I saw a news article recently that stated that the population of the Earth is going to hit 7 billion in two weeks’ time. The emphasis of the article, however, was not so much on interesting statistics about population, but rather on birth control in developing countries, which seems to be a big thing now. This emphasis on birth control strikes me as at least a teeny bit imperialistic and hypocricital. How come there was no emphasis on birth control when the populations of developed countries were skyrocketing? If Europeans have more kids than they have space for, they can kick the natives off of other continents and live there, but you guys, no, you’ll just have to start acting responsibly.
Certainly attempts at population control aren’t the only imperialist activities that developed countries engage in. If you live in the developed world, you probably get your electricity from coal or nuclear or hydroelectric power plants, but attempts to make lives better in the developing world by building coal power plants or nuclear power plants or hydroelectric power plants are criticized as being too polluting or too risky or spoiling virgin rivers. Us, we’ll use whatever technology that we want, but you, you’ll just have to use technologies that don’t work too well. Another example is the use of DDT. In the past, developed countries have used this to eliminate their malaria problem. What if a developing country wants to use it now for the same purpose? Tough, it pollutes.
Let’s face it, most organizations, corporations, and individuals in developed countries are not really all that interested in bringing the standard of living in, say, Africa, anywhere near what it is in developed countries. The developing countries will have to do it for themselves. And, since many of them are not all that rich in natural resources, they’ll need all the human capital they can get their hands on. One illustration of what human capital can do can be found in the book The Boy Who Harnessed the Wind. It sounds like it might be a Stieg Larsson book, but it isn’t. It’s a true story about William Kamkwamba, who built a pair of windmills in his village in Malawi (to run a few lights and a pump for a well) from spare parts. Face it, this accomplishment didn’t raise the standard of living in his village to developed country status, but if Africa is going to become great, it needs more great minds like his. The only way to get more great minds is to get more minds, period. Africa needs all the people it can get.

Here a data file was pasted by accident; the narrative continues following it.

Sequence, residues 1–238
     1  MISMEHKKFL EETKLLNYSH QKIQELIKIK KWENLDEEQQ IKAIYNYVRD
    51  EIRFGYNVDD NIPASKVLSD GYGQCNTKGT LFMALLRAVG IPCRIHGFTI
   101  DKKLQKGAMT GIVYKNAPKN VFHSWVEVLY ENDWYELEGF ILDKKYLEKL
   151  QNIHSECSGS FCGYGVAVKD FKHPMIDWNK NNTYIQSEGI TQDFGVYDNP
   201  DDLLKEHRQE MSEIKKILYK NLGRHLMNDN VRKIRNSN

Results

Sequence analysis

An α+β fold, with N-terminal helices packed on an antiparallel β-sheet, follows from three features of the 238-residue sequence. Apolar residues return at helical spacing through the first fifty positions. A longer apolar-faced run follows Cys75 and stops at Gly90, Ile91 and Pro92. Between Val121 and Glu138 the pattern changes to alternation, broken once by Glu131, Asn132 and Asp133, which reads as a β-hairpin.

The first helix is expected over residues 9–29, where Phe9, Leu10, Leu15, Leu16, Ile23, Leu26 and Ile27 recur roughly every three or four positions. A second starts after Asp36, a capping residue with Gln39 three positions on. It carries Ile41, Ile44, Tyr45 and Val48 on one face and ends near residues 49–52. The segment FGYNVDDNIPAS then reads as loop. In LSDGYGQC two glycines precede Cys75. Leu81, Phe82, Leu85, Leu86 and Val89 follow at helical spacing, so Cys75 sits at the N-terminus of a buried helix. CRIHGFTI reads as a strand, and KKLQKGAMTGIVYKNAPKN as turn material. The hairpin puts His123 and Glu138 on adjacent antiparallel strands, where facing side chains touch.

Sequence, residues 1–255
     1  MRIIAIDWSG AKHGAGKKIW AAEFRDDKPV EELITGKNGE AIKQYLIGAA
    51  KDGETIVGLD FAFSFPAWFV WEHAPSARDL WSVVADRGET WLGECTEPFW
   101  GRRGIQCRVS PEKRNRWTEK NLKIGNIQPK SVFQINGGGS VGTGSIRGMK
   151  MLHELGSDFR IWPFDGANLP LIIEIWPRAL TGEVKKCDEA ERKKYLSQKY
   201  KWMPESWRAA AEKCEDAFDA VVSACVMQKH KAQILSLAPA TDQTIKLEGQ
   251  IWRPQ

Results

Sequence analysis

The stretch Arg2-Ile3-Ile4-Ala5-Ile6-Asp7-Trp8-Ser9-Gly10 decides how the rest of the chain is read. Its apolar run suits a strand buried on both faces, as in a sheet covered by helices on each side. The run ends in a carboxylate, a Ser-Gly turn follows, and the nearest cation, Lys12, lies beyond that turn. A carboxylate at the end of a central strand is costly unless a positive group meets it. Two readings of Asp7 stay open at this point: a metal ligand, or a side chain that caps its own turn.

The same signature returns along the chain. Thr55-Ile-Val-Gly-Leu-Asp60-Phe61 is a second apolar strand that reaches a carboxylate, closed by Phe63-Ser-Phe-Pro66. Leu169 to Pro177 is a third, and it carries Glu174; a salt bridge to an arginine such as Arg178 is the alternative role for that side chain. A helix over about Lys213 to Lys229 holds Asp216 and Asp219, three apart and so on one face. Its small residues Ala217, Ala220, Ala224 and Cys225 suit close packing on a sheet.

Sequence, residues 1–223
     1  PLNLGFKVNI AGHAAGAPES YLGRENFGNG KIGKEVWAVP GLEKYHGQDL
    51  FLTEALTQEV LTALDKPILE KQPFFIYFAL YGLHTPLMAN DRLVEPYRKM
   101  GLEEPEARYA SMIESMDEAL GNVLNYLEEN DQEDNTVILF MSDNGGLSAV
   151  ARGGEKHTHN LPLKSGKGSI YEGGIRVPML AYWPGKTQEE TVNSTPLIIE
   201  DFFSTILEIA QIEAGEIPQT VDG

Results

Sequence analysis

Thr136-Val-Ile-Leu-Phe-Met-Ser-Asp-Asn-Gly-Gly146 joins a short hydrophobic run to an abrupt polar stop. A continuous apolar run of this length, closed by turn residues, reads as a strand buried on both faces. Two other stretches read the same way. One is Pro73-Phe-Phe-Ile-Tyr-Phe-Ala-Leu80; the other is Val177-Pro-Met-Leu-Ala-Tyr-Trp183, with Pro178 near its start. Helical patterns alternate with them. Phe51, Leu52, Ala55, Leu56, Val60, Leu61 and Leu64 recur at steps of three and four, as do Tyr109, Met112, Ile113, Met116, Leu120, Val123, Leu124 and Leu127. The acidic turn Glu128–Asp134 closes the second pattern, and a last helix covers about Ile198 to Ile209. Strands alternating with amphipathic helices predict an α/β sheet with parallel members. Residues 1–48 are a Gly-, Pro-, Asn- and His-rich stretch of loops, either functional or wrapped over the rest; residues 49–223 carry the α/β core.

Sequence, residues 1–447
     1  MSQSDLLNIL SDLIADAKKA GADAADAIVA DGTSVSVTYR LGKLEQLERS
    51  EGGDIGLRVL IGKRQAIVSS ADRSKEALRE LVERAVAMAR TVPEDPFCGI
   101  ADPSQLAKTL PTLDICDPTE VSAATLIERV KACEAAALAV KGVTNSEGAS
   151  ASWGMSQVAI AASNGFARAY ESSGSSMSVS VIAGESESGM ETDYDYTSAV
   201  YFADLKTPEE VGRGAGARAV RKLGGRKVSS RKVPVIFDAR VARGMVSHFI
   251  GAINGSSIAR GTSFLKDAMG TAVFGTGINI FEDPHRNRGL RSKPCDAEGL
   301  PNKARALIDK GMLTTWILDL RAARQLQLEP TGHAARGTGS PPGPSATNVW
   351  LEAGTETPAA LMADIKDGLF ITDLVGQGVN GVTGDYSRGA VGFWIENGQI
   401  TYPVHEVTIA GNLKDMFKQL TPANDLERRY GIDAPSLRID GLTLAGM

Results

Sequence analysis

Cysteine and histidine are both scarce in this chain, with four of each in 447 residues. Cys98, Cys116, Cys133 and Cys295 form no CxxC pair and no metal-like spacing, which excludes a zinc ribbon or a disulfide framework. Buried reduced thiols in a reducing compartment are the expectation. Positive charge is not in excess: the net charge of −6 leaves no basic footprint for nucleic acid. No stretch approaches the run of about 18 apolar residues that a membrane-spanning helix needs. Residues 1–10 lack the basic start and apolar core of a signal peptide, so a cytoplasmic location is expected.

If the developed countries don’t like that, they’ll need to start thinking in ways that benefit those in developing nations. Right now, there are real benefits for residents of developing countries to have children: They provide useful labour on farms, and they ensure a reasonably secure retirement. If we want people in developing nations to have fewer children, we’ll need to provide similar benefits. Are we going to start helping those people who responsibly only had a few children, and, due to their children having died, moved away, or whatever, are now indigent in their old age? Are there even any charities that support such people? Face it, pictures of old people don’t really tug at the ol’ heartstrings the same way that starving children do. However, this is the sort of thing that we need to think about.
If we don’t start thinking in those ways, the Earth’s population will rise to 8 billion, 9 billion, 10 billion, 11 billion, and so on. However, with the rise of human capital in developing countries, I’m sure that they’ll be able to solve the problems of rising population in ways that we in developed nations can’t. Certainly there are no other continents for them to move to. However, perhaps they’ll be able to find more efficient ways of using the space on the Earth that we already have, or of creating brand new places for people to live (maybe even in outer space? Who knows.), or of managing the problem in ways we can’t even think of yet. But we need those people.